BECKLEY, W.Va. (WVVA) A critical vote is scheduled for Wednesday evening on a measure that could pave the way for the LGBT community to becoming a protected class in Beckley.
The city’s Human Rights Commission (HRC) is scheduled to vote after 5 p.m. on an ordinance that would protect the LGBT community from housing and employment discrimination.
Ahead of the vote, WVVA News hit the streets to find out how people in Beckley felt on the issue.
“Times have changed. West Virginia and some of these more rural places are a little bit backwards when it comes to the way society is and I think we should do more to protect these individuals,” said Randall Stover of Bolt.
Others were ambivalent over the issue. “To each his own, just leave me alone,” said Charles Tweedie in Beckley.
Some of the main opposition to an LGBT ordinance in recent days has come from some churches, pastors who have said the issue should be decided by the state legislature.
WVVA News reached out to several churches that opposed the ordinance when it was first considered in 2014, the only response was from Pastor Sam Green at the Bible Baptist Church in Crab Orchard.
“This morning I was asked if I would care to share an opinion on the proposed city ordinance to guarantee rights to the LGBTQ community. First, I wanted to say that I do not believe this is a decision that should be made by a city council. The burden that has been placed on them is unfair. It should go to the state legislature and then go through the democratic process and allow the people that it will be effecting to make an educated decision,” said Pastor Green.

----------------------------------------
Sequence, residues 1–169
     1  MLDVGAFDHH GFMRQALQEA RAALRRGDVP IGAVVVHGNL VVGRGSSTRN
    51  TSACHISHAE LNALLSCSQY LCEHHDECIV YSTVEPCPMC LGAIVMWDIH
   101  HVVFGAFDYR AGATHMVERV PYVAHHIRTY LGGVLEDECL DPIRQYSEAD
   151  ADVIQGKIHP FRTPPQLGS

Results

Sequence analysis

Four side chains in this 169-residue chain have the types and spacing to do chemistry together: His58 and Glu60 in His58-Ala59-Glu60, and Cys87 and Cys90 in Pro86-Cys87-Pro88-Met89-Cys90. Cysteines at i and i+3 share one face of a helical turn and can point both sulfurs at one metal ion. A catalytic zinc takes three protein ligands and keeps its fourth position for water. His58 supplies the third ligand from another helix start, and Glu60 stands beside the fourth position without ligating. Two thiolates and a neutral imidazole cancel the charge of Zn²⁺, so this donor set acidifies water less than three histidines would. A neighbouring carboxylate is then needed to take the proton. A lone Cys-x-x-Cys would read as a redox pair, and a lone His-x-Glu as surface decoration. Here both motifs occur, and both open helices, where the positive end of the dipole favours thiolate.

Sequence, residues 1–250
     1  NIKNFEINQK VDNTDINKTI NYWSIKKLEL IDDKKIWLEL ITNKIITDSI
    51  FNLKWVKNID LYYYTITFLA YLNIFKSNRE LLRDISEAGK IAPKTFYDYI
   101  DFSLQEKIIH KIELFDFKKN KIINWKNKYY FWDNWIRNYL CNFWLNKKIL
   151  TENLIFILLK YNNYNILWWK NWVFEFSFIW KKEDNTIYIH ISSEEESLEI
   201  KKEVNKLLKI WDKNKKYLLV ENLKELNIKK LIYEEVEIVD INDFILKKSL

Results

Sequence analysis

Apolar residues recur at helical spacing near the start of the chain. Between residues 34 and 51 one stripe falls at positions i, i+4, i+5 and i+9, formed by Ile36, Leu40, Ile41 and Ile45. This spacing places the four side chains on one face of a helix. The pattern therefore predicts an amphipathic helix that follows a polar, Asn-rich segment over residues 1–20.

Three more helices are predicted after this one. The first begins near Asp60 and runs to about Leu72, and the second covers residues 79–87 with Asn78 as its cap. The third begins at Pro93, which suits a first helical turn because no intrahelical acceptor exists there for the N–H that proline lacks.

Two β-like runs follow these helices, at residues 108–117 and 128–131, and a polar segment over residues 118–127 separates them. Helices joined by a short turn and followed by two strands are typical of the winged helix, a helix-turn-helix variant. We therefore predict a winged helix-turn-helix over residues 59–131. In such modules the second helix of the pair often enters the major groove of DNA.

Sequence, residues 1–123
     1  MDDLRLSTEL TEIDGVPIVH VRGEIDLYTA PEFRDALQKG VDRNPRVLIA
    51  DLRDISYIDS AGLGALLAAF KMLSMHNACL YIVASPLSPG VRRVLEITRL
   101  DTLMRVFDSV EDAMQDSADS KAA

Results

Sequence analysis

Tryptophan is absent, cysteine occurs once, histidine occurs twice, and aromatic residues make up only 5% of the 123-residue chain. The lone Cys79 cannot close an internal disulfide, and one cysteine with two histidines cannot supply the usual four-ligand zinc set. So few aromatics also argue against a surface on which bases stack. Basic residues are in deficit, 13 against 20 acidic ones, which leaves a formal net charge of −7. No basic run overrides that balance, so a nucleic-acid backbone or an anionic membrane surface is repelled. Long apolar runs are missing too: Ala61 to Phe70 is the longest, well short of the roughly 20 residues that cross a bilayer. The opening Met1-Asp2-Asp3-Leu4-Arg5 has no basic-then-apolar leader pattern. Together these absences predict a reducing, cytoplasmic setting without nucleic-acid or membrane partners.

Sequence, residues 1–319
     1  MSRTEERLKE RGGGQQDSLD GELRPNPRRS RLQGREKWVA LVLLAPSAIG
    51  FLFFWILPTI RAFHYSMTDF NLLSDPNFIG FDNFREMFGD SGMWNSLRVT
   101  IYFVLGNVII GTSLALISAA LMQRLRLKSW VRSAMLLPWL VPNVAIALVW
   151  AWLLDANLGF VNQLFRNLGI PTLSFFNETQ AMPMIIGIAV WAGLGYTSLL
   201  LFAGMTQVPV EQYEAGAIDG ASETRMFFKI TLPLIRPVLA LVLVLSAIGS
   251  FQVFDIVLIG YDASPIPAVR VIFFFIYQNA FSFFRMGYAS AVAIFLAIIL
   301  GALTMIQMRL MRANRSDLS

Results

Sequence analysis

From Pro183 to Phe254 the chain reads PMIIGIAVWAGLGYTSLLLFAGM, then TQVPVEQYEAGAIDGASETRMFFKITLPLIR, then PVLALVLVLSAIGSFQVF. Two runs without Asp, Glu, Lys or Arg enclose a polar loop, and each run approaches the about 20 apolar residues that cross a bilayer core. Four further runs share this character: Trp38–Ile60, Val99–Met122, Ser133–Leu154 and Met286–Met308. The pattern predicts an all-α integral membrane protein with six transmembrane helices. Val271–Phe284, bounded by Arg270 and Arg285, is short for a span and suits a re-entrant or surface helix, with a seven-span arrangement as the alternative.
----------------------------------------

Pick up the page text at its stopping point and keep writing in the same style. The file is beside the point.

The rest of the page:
He went on “as for what God’s Word has to say on this complicated issue; The book of Proverbs says in 16:6 By mercy and truth iniquity is purged: and by the fear of the Lord men depart from evil. I believe it is imperative that we show mercy to all people, that includes those that we do not agree with how they choose to live their lives. We show mercy that we might share the truth. The truth according to God’s Word, not my opinion or my feelings. Romans 1:21-28 shows us plainly what our opinion is towards those that live this lifestyle. As Christians we are to show love for the purpose that we may share Christ. Know that I am praying for all involved, these are complicated times and more than anything we need the mind of Jesus.”
Human Rights Commission member Robert Dunlap, who helped draft the language, responded Wednesday to what he believes are misconceptions regarding the ordinance.
“The state government in Charleston declined to take up this issue on a statewide basis. They said, county by county, city by city, you need to address this yourself. Charleston, Huntington, Lewisburg, Morgantown, Fairmont — all progressive cities that passed it. Beckley is going to be one of those cities that has the intellect to see that this does not change the way you worship, the things you do. It just protects rights for a narrow group of citizens who currently are not being protected.”
At this point, the Mayor, Councilmember-at-Large Sherrie Hunter, Councilman Tom Sopher, and Councilmember-at-Large Tim Berry have come out in support of the ordinance. The remaining five are still undecided (Councilmembers Kevin Price, Frank Williams, Janine Bullock, and Ann Worley).
It is those five Dunlap hopes will not be swayed by what he called a campaign of misinformation.
“I just read a report from an uninformed person who says the LGBT community has the same rights as everyone else. It’s just a lie. Because they’re not a protected class.”
Click the following link to see the full text of the ordinance: Proposed-Ord-for-HRC-Consideration